Besides stinking to high heaven, commercial sanitizers often contain drying alcohol that is too strong for kids to use anyway. The nice thing about making my own is I can make a more gentle version for use around the kids and a stronger one to use in a place like a public restroom.
Instead of triclosan or other antibacterial agents, I use essential oils that inhibit bacteria naturally, being careful to choose ones that are safe for kids. There is also some evidence that these oils can help battle viruses, making them potentially more effective. It is important to note that these first two recipes are more like a waterless soap and not a full hand sanitizer. The CDC explains that a product must be at least 60% alcohol to be a hand sanitizer and only the last recipe can reach that percentage.
No Time to DIY?
If you need a ready-made option, try my hand sanitizer from Wellnesse. While I still don’t advocate using hand sanitizer all the time (usually just soap and water will do), this is a natural, safe option for those times when you need extra protection.
How to Make Your Own Natural Hand Sanitizer
Here are my go-to hand sanitizer recipes. I start out with the most gentle. Increase the strength as needed.
Homemade Hand Sanitizer Recipe (Safe for Kids)
- ¼ cup aloe vera gel
- 20 drops germ destroyer essential oil
- Mix all ingredients and store in a reusable silicone tube.
- Use as needed to naturally remove germs from hands.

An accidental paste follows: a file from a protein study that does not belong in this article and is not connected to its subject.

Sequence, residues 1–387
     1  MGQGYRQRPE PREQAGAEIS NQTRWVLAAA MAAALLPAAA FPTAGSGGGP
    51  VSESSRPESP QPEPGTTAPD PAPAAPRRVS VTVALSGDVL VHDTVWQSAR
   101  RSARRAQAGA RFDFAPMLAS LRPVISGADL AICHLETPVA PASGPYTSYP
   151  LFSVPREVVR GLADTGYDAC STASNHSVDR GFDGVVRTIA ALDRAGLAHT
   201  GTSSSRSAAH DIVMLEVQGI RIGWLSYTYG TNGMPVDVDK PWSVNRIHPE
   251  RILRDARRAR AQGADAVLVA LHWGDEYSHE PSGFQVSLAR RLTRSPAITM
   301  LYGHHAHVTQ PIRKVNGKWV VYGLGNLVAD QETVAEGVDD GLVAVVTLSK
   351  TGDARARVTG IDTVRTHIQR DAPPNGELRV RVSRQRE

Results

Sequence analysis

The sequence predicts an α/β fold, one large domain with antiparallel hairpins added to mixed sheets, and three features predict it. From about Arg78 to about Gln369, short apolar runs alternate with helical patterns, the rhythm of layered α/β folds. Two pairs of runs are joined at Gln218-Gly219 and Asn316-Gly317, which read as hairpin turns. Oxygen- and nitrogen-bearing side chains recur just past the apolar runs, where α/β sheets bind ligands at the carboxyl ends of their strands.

Stronger Hand Sanitizer Recipe
For a stronger hand sanitizer that performs like commercial versions (without the triclosan), try this recipe. If you work in a hospital, this might be a good one for your personal use. I would not use this recipe on kids!
- 1 TBSP rubbing alcohol
- 1/2 tsp vegetable glycerin (optional)
- 1/4 cup aloe vera gel
- 20 drops Germ Destroyer oil
- 1 TBSP distilled water or colloidal silver/ionic silver for extra antibacterial power
- other essential oils (just for scent)
- To make, mix aloe vera gel, optional glycerin, and rubbing alcohol in a small bowl.
- Add cinnamon essential oil and tea tree oil along with a drop or two of any other oils you want to add for scent. Lemongrass, orange, lavender, and peppermint are good choices.
- Mix well and add about 1 tablespoon of distilled water (or colloidal/ionic silver) to thin to desired consistency.
- Use a small funnel or medicine dropper to transfer hand sanitizer into spray or pump type bottles. This can also be stored in small silicone tubes for use on the go.
- Use as you would any other type of hand sanitizer.
Strongest Homemade Hand Sanitizer Recipe (5 Minute Recipe)
The CDC recommends at least 60% alcohol in hand sanitizer to effectively battle viruses. This formula follows this percentage and adds aloe vera for gentleness and essential oils for extra virus fighting. This is the one I am currently using after being in areas where viruses are more likely to be transmitted.
- 2/3 cup rubbing alcohol (70% or higher)
- 2 Tablespoons aloe vera (If unable to find aloe vera, glycerin can be used as a substitute)
- 20 drops Germ Destroyer Essential Oil. (You can also use Germ Fighter which is stronger but I wouldn’t recommend for use on kids)
- Mix all ingredients and combine in a spray bottle (these are the perfect size) or small bottle of any kind. Use as needed.
Keep in mind that you should adjust the recipe depending on the strength of the alcohol you’re using. For example, if you’re using 99% Isopropyl rubbing alcohol, you’ll need a different amount of aloe vera than if you were using 70% alcohol. Here are some quick guidelines?
Option 1 with 99% Isopropyl Rubbing Alcohol:
2 parts alcohol
1 part aloe vera gel
(For example: 2/3 cup alcohol + 1/3 cup aloe vera gel)